# Series Transistor Regulator

Discussion in 'General Electronics Chat' started by Roam, May 5, 2011.

1. ### Roam Thread Starter New Member

May 5, 2011
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I'm new to these forums so just saying hi before I make my post. The following is the diagram of a series transistor regulator. Could anyone explain, what factors here would limit the maximum current that could be supplied by this transistor-regulated supply? Any explanation is greatly appreciated.

$R_L$ is the resistive load and $V_o$ is the output.

2. ### R!f@@ AAC Fanatic!

Apr 2, 2009
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Welcome dear.

MAX current is always limited by the source.
In other words, the tx supplies the current demand and the series element regulates the current.The smoothing cap comes into play when the rectified AC dips..which is known as ripple.

Last edited: May 5, 2011
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Dec 26, 2010
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The transistor will also have limitations due to its own current rating, and the amount of heat it can safely dissipate. If either of these results in a lower limit than other factors, it may define the limit overall.

There is also a more basic limit in this simple circuit. Rz, 100Ω, supplies the Zener current and thr transistor base current. If we know the rectifier output voltage, the Zener current and voltage, and the transistor current gain we can estimate a maximum output current.

Example: Rectifier output =10V, Zener voltage = 6.8V Zener current =10mA, transistor current gain = 50 times.

Current in Rz = (10V - 6.8V)/100Ω = 32mA. If the Zener needs 10mA, the current available for the transistor base is 32mA - 10mA = 22mA.

Thus the maximum output current in this made-up example would be 22mA * 50 = 1100mA or 1.1A

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4. ### THE_RB AAC Fanatic!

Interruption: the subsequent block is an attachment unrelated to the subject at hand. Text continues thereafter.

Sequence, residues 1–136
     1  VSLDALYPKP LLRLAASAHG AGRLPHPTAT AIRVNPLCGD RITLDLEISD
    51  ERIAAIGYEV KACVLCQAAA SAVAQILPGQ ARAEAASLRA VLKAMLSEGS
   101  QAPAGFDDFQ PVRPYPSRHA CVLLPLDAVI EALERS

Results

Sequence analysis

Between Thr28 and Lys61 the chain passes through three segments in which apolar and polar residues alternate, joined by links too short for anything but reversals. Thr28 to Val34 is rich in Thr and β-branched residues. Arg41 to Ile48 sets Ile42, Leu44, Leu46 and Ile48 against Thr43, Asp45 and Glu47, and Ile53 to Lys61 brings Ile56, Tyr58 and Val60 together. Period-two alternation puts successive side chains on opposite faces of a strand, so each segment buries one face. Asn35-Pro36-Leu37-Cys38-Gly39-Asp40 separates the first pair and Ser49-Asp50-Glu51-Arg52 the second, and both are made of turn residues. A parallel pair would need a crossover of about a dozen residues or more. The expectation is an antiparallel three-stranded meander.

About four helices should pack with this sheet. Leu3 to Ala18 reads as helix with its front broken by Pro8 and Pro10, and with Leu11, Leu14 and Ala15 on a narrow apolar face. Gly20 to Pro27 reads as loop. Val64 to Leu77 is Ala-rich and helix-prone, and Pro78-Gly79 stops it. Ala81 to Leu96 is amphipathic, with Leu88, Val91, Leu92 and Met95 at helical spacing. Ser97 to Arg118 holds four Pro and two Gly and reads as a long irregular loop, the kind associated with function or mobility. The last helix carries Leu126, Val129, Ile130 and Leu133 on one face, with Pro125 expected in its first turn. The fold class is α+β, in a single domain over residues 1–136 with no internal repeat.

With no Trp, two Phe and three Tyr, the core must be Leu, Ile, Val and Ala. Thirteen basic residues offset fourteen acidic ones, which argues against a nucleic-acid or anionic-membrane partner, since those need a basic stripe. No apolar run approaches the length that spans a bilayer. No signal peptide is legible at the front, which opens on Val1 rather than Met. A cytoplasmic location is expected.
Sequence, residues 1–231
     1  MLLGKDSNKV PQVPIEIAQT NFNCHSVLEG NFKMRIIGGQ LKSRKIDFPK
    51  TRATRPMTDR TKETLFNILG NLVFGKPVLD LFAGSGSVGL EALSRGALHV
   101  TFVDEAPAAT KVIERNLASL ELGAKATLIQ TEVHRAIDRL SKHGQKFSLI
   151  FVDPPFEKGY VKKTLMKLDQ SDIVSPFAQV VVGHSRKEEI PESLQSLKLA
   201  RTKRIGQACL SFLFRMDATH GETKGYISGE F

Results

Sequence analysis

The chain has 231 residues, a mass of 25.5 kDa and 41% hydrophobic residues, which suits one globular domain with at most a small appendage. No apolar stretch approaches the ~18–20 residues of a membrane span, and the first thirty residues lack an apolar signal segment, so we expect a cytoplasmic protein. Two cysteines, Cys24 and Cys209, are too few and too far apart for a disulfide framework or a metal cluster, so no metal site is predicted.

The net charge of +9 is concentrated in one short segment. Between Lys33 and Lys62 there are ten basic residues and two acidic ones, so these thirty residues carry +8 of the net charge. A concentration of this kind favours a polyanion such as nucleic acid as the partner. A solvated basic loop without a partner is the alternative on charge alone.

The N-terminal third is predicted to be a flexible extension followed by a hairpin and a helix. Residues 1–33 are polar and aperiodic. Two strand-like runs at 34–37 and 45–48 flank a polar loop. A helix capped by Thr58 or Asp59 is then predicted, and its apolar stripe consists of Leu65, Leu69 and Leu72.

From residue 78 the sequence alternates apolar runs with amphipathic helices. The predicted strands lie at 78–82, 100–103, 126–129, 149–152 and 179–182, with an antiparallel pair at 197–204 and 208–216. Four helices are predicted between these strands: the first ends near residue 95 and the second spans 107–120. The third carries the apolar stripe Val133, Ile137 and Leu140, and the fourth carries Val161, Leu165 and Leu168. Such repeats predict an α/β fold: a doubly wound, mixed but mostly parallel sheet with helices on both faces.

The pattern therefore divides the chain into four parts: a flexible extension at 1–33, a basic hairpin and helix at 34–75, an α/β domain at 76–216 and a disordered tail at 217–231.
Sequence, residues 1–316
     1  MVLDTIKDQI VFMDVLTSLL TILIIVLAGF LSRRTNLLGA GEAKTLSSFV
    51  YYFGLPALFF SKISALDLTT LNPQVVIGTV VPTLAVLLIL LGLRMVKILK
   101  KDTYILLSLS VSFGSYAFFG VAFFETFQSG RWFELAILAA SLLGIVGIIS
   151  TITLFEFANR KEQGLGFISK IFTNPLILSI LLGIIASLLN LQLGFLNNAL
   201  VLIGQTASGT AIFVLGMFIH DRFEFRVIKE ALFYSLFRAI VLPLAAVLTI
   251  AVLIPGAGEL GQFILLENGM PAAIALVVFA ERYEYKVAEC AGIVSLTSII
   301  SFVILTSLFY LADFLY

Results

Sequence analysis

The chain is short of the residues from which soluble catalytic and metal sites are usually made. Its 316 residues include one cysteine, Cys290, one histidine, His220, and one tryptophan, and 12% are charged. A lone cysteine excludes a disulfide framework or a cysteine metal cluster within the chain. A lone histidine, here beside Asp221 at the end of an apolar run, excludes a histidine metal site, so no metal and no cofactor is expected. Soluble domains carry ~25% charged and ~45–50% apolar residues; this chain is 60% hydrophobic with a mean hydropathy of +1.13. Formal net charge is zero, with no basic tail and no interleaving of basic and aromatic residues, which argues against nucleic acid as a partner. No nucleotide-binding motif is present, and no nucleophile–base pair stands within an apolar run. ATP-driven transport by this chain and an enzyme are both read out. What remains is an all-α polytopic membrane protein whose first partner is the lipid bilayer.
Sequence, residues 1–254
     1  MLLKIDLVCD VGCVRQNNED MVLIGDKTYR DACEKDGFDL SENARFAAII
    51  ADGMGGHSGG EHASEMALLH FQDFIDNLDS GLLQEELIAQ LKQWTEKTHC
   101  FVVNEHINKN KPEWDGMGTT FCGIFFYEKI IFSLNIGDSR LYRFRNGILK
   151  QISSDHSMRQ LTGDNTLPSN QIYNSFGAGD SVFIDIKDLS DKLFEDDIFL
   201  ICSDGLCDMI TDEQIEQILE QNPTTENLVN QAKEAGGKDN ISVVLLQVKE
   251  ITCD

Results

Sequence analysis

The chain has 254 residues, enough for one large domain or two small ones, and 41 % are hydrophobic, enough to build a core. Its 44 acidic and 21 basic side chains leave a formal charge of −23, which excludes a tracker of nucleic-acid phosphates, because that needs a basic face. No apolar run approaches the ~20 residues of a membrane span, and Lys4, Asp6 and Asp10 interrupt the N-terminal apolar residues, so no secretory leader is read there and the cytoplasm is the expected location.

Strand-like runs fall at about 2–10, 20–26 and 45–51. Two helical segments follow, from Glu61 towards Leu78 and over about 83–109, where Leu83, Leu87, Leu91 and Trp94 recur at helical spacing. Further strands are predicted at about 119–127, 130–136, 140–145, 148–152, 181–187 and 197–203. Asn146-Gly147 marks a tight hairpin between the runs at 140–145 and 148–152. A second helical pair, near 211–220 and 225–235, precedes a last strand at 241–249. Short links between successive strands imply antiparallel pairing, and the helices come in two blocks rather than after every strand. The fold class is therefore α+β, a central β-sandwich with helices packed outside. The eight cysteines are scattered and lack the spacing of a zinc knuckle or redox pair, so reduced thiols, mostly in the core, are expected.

Feb 11, 2008
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About the only useful information in your schematic is that the main filter cap is 1000uF so that would *suggest* maximum amps at about 1 amp, possibly 0.5 amp.

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5. ### BillO Distinguished Member

Nov 24, 2008
993
137
There is no current limiting designed into this circuit. Shorting the output will likely take the transformer, the pass transistor, the bridge or any combination thereof. If you were to build this design around a specific current capability, Id suggest a fuses on both input and output.

Edit: That being said...the transformer, the bridge and the pass transistor all have to meet the current requirements with a little head room to keep everything cool and happy. For instance, it you required a 12v output @ 3A I would specify a 12.7v 4A transformer, a 12.7V 1W zener, Rz at 1/2W, a 6A bridge, a 6,800uf 25v Cs, and a TIP35 pass transistor with a decent heat sink enough to dissipate 10W or more. I'd also put a 4A fast blow fuse on the output and a 1/2A sow blow on the transformer primary.

Yes, I over design a bit for my own purposes. I hate stuff failing. If this is for a commercial product, you might want to tighten up on the capacitor, rectifier and transistor, but only if it saves considerable money.

Last edited: May 5, 2011
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